EAST RUTHERFORD, N.J. - The impossible suddenly looks probable. After requiring a miracle just to sneak into the playoffs, the Eagles are two very manageable wins from retracing the Phillies' parade route.
They will play in their fifth NFC championship game in eight years this Sunday in Arizona. There is nothing about the Cardinals or the AFC finalists, Baltimore and Pittsburgh, as imposing as the New York Giants at the Meadowlands.
By beating the defending Super Bowl champions, 23-11, in a brutal game yesterday, the Eagles cleared the highest hurdle between themselves and their first NFL championship since 1960.
Maybe that's what drove Donovan McNabb to pick up the sideline telephone after running out of bounds in the fourth quarter. It was an uncharacteristic gesture on the part of the Eagles' quarterback. Even though it drew a 15-yard penalty, it was almost endearing. If anyone earned the right to phone a friend with the news, it was McNabb.
"I didn't say anything," McNabb said. "I've been having a great time on this run and I got caught up a little bit. I apologized to the team and to the coaches."
No apology was necessary, not after this most difficult of seasons and not after the trials of the last four years.
Once upon a time, No. 5 and his teammates played in the conference championship game four seasons in a row. After losing three times, they finally won and advanced to the Super Bowl after the 2004 season. That was four years, one Terrell Owens meltdown, and two season-shortening McNabb injuries ago.
It was fair to wonder whether McNabb's days of leading this team to the NFL final four were over. On Nov. 23 in Baltimore, when he was benched by coach Andy Reid at halftime of a particularly ugly loss, it was fair to wonder if McNabb's days of leading this team at all were coming to an end.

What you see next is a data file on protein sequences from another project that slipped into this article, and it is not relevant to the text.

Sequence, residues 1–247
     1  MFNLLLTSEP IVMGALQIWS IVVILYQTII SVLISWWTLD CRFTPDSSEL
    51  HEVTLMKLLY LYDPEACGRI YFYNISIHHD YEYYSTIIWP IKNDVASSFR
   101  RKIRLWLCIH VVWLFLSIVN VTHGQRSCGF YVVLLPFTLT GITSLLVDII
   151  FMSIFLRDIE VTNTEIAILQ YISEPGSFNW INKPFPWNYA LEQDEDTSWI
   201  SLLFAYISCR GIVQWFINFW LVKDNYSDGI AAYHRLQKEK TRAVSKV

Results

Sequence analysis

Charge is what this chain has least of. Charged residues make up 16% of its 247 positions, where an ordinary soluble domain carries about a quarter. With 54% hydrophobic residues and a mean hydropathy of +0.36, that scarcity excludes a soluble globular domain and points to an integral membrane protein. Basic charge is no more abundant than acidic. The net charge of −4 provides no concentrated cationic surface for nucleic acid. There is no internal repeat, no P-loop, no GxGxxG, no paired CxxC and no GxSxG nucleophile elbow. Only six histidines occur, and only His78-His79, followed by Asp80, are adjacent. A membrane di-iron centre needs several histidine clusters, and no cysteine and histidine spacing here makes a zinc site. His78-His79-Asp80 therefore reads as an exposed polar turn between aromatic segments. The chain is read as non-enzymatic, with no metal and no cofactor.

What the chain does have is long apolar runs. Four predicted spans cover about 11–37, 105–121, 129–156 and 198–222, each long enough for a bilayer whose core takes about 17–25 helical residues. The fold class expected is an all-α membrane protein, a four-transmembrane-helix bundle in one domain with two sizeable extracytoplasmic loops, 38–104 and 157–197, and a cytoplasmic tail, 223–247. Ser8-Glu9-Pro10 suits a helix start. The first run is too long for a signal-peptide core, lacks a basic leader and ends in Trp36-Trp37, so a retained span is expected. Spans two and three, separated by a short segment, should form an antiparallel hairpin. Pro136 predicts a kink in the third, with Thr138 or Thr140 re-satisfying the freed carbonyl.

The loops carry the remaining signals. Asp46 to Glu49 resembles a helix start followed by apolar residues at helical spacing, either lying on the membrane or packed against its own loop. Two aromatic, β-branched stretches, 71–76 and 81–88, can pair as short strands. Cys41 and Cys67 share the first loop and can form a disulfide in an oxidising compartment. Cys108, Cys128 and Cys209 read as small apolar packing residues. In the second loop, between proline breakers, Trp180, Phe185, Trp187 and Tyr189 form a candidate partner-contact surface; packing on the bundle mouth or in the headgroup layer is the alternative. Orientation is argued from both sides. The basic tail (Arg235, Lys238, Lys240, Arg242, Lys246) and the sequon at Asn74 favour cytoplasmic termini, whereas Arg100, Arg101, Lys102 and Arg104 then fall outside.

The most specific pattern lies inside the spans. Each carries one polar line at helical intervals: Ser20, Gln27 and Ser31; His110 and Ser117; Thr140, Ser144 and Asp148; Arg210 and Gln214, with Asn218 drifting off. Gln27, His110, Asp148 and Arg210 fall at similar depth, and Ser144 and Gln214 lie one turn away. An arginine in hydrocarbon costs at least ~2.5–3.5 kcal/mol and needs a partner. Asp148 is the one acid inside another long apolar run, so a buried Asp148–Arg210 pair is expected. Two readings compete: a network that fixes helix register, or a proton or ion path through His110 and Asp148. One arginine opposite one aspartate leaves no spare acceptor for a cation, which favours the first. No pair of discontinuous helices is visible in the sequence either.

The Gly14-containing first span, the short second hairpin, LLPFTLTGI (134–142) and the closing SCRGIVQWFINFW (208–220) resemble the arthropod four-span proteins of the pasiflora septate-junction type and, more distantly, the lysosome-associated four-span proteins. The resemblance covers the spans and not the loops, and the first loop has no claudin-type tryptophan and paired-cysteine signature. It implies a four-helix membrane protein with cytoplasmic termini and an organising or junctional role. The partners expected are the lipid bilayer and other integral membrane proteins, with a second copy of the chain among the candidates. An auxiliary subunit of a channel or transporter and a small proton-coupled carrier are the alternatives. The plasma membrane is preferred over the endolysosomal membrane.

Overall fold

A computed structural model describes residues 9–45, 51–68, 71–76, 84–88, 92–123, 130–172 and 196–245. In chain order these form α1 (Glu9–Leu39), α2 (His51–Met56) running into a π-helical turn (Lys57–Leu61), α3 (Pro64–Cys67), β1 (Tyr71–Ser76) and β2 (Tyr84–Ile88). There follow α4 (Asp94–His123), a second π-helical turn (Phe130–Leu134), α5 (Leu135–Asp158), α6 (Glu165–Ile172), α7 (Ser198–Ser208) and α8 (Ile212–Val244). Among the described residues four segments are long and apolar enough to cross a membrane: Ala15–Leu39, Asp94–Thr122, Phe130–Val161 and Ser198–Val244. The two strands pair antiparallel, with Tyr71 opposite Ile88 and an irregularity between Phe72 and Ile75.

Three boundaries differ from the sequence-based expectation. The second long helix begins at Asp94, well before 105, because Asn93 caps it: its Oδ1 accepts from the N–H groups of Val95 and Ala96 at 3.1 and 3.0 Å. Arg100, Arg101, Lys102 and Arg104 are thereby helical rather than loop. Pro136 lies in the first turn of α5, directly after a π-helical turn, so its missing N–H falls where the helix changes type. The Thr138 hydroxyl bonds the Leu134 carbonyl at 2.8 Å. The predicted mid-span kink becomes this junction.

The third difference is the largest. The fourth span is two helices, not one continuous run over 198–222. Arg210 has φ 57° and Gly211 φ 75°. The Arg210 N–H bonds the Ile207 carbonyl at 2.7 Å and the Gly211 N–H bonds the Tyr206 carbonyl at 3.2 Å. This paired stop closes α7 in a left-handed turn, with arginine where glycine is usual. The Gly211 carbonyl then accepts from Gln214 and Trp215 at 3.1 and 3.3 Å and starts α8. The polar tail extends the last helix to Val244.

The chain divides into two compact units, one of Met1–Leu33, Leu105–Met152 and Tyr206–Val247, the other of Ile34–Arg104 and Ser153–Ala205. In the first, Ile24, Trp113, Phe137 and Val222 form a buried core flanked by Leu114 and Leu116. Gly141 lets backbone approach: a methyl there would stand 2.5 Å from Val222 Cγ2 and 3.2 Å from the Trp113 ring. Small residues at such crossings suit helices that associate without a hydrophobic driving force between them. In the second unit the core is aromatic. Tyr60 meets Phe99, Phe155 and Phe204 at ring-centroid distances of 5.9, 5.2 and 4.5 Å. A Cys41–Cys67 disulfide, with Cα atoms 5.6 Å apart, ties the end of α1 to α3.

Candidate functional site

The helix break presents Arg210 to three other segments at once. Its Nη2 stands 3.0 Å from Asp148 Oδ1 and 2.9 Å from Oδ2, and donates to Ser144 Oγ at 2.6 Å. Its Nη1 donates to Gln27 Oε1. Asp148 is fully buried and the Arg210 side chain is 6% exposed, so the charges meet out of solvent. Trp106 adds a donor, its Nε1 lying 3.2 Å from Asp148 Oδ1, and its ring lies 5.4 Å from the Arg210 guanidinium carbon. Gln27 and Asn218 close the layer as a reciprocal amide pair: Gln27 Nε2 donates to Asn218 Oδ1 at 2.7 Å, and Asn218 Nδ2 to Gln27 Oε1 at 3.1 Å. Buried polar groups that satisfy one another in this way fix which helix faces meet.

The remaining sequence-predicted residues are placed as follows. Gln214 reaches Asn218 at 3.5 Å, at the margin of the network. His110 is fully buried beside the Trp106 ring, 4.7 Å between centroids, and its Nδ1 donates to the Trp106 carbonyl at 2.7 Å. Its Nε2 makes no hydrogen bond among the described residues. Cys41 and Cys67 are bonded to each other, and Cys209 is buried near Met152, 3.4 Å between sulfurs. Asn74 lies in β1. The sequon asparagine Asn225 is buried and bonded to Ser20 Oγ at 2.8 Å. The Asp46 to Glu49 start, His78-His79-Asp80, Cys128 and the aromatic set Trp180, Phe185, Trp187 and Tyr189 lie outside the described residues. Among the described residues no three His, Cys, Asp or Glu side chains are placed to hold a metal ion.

And there he was, zipping the ball to Jason Avant and Correll Buckhalter for big first downs, finding Brent Celek in the back of the end zone for a touchdown. There he was, beating the defending champions with their voracious defense on the hard green Giants Stadium turf.
"We've got another week of work," McNabb said. "I guess for us old guys, guys who people don't want to see anymore, they'll be watching us for another week. It's an exciting time for all of us."
Something has changed since those annual trips to the championship game, but it isn't what you'd think.
"I've always felt we're a much better team when we're loose," McNabb said.
That's what the last four years, and especially the last six weeks, have changed about the quarterback, the coach and this team. The Eagles who played so tight and blew championship opportunities against Tampa Bay and Carolina, both at home, are a distant memory. This group, given up for dead, has embraced its improbable opportunity by playing without the burden of ancient history.
In the first 31 minutes, McNabb threw two interceptions and committed an intentional-grounding penalty in the end zone that resulted in a safety. The rest of the way, against a defense that terrorized QBs all season, he completed 12 of 20 passes for 147 yards and a touchdown.
It was the steady work of a quarterback who faced humiliation and self-doubt and emerged on the other side, confident in his ability to win games.
So now, fittingly, McNabb goes up against Kurt Warner, the quarterback who beat the Eagles in that first NFC championship game. The world has revolved a few times since then. Warner is two teams removed from the St. Louis Rams, and McNabb is even further removed from the wide-eyed kid making his first deep playoff run.
"We haven't accomplished anything yet," Eagles owner Jeffrey Lurie said. "A division playoff is all this is. We need to win the NFC championship in Arizona, or it doesn't mean anything."
That's true enough. The Eagles needed remarkable luck to get into the playoffs. They played very well in Minneapolis last week and superbly yesterday to turn that luck into a sense of destiny.
The Eagles beat the Cardinals, 48-20, in Philadelphia on Thanksgiving night. They beat the Steelers earlier in the season. They know in their hearts they could have and should have beaten Baltimore. Those are the three possible teams between them and that championship parade they expected long before now.
Steve Spagnuolo, the defensive coordinator who helped the Giants win it all, came into the Eagles' locker room after the game. He embraced Pat Shurmur and Ted Williams, with whom he worked in Philadelphia for eight years.
"Go get that ring," Spagnuolo told his old friends before seeking out Brian Dawkins to deliver the same message: "Go get that ring."
The hardest part of the job is done.